Charm & Other Demons

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Modern novels are banal and fearful compared to this first volume of an Urdu classic, says Moyukh Chatterjee

SELDOM DOES a book these days recommend itself to storytelling. Still rarer is an opportunity to irrevocably entangle oneself in the folds of a relationship that begins with the call, “tell me a story.” If one follows Walter Benjamin’s argument in the essay The Storyteller, a story is inextricably linked to marvellous and miraculous happenings; its shape is not brick-like, nor informational but a filigree of narrative retellings. Muhammad Husain Jah’s Tilism-e Hoshruba teems with objects like magic birds that burn up after announcing the arrival of a trickster and princesses who maim and murder – but only after surrounding their enemies with beds of tulips and roses. It even showcases every bibliophile’s dream, The Book of Sameri, which contains an account of every event in the world.

Musharraf Ali Farooqi’s wonderful translation of Tilism-e Hoshruba (tilism = magical world, hosh = senses, ruba = ravishing, stealing) — an Urdu literary phantasmagoria of flying magic claws, bloody rivers and silver gardens — is an important literary and translation event. Prepare to find place in your bookshelf for it next to classics such as One Thousand and One Nights, The Adventures of Amir Hamza and Chandrakanta. Narrative orgies all, with daredevil storytelling, they span thousands of pages, hundreds of characters, worlds and things threatening to tear the veil of banality that we moderns have lent to the world. Reading is forced to become an event, characters can die only by solicitation, trickery is elevated to the level of art, the sharpest weapon is the gaze of the beloved and all things — fierce Sun, plaintive Moon, desiring Night, houri Mirror — are illuminated or rather restored in the light in which they are seen by the Creator.

The stories that comprise the first volume of Tilism-e Hoshruba (the complete set will have twenty-four volumes) — The Land and the Tilism — lay out the wonderfully deceptive terrain on which the forces of Amir Hamza (uncle of the Prophet) and his versatile tricksters fight the dark forces of Afrasiyab, the Emperor of Hoshruba, and his minions. It is impossible to summarise the recurring encounters between maverick tricksters like Amar Ayyar and ravishing sorceresses whose “lips wounded and lacerated hundreds with the sword of her smile and the Turks of her eyes, armed with the daggers of her eyebrows, killed hundreds of thousands.” The magic of Urdu seeps into the stories, the language is neither wordy nor bland but richly allusive and taut almost everywhere. The descriptions of beauty and war resonate with the erotic charge of Bhartrihari’s poems and fierce scenes in The Iliad.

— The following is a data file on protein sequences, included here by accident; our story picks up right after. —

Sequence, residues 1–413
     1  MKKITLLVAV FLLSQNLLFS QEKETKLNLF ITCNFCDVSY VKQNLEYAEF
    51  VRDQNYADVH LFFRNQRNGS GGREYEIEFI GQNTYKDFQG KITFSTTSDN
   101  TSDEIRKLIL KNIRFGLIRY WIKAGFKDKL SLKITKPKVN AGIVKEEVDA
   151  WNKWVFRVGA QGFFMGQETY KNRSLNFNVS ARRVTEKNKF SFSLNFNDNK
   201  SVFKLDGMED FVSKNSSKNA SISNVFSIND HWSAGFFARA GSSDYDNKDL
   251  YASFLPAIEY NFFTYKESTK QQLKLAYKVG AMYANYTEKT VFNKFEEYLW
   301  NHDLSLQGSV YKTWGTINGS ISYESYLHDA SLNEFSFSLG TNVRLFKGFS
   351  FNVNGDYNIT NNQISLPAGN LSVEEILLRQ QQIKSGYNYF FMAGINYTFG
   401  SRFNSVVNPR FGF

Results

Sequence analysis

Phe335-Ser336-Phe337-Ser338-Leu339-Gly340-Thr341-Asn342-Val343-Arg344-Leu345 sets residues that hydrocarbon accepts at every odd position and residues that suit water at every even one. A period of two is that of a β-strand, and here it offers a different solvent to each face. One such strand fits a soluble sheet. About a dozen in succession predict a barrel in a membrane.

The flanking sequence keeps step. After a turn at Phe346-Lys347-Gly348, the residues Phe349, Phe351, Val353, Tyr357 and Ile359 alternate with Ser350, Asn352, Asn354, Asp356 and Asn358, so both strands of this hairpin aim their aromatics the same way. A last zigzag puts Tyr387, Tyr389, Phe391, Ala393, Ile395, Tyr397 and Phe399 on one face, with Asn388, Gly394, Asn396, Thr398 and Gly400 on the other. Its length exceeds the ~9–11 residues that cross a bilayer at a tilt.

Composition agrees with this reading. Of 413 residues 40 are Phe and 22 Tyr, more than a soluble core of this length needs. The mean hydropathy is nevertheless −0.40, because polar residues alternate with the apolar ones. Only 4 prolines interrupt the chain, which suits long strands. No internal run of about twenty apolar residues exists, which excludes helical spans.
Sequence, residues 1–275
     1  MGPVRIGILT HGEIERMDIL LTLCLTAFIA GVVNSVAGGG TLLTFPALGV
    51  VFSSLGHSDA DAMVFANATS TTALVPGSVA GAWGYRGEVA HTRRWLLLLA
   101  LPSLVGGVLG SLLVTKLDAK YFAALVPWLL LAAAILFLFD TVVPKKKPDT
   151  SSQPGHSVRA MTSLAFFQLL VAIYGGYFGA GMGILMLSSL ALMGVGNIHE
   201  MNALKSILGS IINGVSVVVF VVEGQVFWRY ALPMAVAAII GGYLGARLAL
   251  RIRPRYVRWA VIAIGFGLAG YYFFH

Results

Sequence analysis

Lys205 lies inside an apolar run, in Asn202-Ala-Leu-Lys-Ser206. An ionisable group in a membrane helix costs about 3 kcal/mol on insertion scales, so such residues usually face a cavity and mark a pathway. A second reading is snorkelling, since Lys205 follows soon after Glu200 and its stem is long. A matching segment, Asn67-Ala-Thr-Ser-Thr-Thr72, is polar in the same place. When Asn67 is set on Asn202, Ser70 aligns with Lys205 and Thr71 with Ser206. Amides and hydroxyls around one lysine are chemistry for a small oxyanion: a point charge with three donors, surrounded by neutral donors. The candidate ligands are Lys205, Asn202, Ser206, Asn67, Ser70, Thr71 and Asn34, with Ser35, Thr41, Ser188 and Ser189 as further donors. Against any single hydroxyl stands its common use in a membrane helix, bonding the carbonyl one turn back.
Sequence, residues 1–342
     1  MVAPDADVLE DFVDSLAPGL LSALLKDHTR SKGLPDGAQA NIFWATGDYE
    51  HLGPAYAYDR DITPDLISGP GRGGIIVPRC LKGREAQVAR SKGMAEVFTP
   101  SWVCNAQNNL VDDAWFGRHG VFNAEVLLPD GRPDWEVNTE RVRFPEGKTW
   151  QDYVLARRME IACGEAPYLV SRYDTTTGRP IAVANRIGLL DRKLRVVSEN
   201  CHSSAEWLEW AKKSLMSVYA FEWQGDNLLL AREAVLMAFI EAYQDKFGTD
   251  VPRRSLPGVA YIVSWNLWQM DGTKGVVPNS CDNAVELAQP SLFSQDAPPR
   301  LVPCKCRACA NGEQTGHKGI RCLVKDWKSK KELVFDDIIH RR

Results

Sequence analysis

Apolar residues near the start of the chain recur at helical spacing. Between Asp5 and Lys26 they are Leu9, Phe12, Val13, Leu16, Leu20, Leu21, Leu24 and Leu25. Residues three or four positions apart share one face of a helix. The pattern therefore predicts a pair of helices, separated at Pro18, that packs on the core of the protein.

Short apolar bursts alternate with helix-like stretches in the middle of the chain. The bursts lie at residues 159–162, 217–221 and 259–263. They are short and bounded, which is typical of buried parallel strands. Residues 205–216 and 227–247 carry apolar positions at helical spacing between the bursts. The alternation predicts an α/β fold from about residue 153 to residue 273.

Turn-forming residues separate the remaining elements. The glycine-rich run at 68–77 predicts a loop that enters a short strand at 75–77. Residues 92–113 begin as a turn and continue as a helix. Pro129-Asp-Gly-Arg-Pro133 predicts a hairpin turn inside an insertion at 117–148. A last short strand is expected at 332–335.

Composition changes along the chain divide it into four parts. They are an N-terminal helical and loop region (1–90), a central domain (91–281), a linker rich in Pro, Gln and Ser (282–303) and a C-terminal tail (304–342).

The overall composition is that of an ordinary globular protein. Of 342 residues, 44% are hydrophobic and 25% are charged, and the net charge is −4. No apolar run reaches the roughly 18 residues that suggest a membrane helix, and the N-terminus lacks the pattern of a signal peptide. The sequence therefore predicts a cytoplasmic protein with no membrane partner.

HOSHRUBA
HOSHRUBA
Muhammad Husain Jah
Tn Musharraf Ali Farooqi
Random House
488pp; Rs 495

Tilism-e Hoshruba — part of diverse Persian, Arabic and Urdu oral traditions of storytelling — reaches us through generations of storytellers and, perhaps even more crucially, whetted by powerful listeners. Therefore, unlike a classic novel, it testifies to the power of the social or the collective that lies at the heart of stories that are popularly heard, told and re-told. According to Farooqi, Tilism-e Hoshruba was born in the rivalry between two prodigious Urdu storytellers, Muhammad Husain Jah and Ahmed Husain Qamar from 1883–1893 in Lucknow. Bored of the regular fare of genies and demons in the Amir Hamza legend, a group of storytellers decided to “inject local talent – magic fauna and evil spirits, black magic, white magic and alpha sorcerers and sorceresses” into a familiar stream of stories. Reading this story behind the story, I find it remarkable, if not urgent, to pause at the sight of this treasure chest of occult arts, dark magic and fantastic beings within our Indo-Islamic heritage. At a moment in world history (if such a thing does indeed exist!) when the most ignorant and obscurantist views about Islam are bandied about as knowledge, it is a relief to bear witness to aspects (the ludic, the magical and the erotic) of an Islamic imagination that find no place within contemporary representations of Islam.